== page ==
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Predicting functional significance of cancer-associated p16(INK4a) mutations in CDKN2A.

Authors
  • McKenzie, Heather A
  • Fung, Carina
  • Becker, Therese M
  • Irvine, Mal
  • Mann, Graham J
  • Kefford, Richard F
  • Rizos, Helen
Type
Published Article
Journal
Human Mutation
Publisher
Wiley (John Wiley & Sons)
Publication Date
Jun 01, 2010
Volume
31
Issue
6
Pages
692–701
Identifiers
DOI: 10.1002/humu.21245
PMID: 20340136
Source
Medline
License
Unknown

Abstract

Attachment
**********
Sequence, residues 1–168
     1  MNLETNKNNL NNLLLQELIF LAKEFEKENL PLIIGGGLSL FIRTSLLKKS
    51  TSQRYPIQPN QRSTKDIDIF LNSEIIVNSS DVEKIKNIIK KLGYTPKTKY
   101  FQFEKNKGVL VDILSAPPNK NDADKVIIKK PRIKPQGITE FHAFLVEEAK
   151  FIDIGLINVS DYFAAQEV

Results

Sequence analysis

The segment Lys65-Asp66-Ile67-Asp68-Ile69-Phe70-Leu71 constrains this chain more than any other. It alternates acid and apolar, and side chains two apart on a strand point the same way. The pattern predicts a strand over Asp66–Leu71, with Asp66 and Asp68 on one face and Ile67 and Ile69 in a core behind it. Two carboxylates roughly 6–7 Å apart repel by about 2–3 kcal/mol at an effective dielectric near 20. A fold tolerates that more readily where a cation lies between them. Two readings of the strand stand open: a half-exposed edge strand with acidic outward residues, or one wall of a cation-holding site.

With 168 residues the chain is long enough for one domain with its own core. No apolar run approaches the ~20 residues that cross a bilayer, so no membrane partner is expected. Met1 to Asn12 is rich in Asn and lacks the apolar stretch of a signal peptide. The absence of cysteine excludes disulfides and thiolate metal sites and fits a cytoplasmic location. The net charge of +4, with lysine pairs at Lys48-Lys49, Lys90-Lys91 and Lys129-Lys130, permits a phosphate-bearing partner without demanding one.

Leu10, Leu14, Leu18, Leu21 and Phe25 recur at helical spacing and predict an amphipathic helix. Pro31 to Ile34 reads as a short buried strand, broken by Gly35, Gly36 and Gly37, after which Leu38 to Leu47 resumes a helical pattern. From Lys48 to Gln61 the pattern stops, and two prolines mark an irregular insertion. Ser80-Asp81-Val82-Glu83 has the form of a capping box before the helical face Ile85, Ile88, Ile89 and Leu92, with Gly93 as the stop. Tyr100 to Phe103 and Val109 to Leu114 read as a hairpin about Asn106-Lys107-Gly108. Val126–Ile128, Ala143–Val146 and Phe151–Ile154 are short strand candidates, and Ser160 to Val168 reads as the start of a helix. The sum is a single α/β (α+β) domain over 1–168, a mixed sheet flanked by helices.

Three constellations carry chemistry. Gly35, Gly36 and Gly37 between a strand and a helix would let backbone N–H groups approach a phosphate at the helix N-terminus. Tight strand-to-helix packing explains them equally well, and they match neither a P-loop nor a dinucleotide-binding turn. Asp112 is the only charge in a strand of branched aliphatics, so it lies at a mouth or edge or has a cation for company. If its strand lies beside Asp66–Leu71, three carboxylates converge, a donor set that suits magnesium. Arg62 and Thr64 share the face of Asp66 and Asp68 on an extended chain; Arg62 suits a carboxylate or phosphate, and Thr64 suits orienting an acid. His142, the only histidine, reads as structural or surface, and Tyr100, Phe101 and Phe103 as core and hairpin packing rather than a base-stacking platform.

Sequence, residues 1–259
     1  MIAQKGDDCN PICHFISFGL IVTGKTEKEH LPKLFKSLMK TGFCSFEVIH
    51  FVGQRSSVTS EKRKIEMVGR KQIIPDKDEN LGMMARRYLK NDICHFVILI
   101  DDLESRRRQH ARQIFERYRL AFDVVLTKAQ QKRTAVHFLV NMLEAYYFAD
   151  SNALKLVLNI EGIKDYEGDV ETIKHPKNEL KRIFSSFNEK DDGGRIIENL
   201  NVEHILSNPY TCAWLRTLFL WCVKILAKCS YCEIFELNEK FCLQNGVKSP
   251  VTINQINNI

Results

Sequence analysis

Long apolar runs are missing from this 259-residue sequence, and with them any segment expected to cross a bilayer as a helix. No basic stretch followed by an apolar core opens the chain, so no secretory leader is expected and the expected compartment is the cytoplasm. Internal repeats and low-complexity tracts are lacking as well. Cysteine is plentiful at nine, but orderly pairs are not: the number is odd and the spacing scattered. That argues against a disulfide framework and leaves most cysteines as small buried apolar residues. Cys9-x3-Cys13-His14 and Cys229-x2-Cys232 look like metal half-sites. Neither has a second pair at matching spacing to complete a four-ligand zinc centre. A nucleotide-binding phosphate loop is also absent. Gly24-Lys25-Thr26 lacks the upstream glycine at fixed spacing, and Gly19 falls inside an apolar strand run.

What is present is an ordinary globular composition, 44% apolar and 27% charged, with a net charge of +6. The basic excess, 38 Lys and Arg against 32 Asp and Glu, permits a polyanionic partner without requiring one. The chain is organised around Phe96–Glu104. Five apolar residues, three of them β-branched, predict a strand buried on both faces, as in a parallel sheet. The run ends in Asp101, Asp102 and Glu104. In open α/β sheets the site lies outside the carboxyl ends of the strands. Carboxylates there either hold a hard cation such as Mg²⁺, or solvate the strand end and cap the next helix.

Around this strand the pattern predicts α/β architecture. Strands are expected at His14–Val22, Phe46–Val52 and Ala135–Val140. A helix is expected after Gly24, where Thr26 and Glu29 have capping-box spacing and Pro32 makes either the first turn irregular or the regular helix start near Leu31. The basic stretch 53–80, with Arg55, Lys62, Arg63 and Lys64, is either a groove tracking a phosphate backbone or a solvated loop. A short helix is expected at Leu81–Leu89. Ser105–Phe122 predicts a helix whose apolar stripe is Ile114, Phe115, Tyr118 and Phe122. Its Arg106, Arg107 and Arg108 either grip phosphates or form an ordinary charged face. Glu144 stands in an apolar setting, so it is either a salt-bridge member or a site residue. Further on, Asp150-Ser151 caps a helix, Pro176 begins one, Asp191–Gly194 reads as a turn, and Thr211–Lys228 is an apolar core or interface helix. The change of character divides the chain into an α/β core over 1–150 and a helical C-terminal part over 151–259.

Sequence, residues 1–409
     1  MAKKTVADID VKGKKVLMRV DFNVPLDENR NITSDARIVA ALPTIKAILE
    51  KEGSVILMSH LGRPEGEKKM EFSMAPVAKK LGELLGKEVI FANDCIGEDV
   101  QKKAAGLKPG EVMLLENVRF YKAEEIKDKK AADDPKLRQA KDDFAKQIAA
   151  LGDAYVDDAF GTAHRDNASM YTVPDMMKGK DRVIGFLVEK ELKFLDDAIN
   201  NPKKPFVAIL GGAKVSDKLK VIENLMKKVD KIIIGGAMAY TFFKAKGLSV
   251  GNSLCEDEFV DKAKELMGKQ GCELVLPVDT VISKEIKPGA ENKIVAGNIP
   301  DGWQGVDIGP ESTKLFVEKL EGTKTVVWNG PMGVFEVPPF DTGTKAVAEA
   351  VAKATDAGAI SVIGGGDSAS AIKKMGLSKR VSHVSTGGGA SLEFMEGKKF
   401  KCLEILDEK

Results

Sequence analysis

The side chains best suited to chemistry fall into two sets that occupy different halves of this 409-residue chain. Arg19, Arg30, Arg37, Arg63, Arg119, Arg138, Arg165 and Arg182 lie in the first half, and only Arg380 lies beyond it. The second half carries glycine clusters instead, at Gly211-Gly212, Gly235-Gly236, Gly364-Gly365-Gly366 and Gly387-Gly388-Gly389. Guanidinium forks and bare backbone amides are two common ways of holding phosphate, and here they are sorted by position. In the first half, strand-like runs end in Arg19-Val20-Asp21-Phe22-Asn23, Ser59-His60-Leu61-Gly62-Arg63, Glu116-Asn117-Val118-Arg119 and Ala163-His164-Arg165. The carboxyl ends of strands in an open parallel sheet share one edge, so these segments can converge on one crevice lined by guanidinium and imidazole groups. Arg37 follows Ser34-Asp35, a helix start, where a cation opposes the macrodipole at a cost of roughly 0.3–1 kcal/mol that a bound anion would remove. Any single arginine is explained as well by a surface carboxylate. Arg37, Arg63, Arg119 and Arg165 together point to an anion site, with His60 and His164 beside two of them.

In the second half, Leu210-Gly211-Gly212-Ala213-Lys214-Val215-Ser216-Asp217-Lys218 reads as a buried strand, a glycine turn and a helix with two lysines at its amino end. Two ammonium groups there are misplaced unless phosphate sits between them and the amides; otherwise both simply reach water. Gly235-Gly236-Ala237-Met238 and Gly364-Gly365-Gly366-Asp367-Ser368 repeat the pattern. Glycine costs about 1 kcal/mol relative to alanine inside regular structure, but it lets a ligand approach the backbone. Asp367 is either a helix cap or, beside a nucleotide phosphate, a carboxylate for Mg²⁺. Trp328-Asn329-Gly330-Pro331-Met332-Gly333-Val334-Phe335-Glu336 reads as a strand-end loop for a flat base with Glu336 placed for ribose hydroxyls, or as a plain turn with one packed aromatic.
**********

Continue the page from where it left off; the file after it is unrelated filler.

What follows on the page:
Inherited mutations affecting the INK4a/ARF locus (CDKN2A) are associated with melanoma susceptibility in 40% of multiple case melanoma families. Over 60 different germline INK4a/ARF mutations have been detected in more than 190 families worldwide. The majority of these alterations are missense mutations affecting p16(INK4a), and only 25% of these have been functionally assessed. There is therefore a need for an accurate and rapid assay to determine the functional significance of p16(INK4a) mutations. We reviewed the performance of several in vivo functional assays that measure critical aspects of p16(INK4a) function, including subcellular location, CDK binding and cell cycle inhibition. In this report the function of 28 p16(INK4a) variants, many associated with melanoma susceptibility were compared. We show that assessment of CDK4 binding and subcellular localization can accurately and rapidly determine the functional significance of melanoma-associated p16(INK4a) mutations. p16(INK4a)-CDK6 binding affinity was unhelpful, as no disease-associated mutation showed reduced CDK6 affinity while maintaining the ability to bind CDK4. Likewise, in silico analyses did not contribute substantially, with only 12 of 25 melanoma-associated missense variants consistently predicted as deleterious. The ability to determine variant functional activity accurately would identify disease-associated mutations and facilitate effective genetic counselling of individuals at high risk of melanoma.

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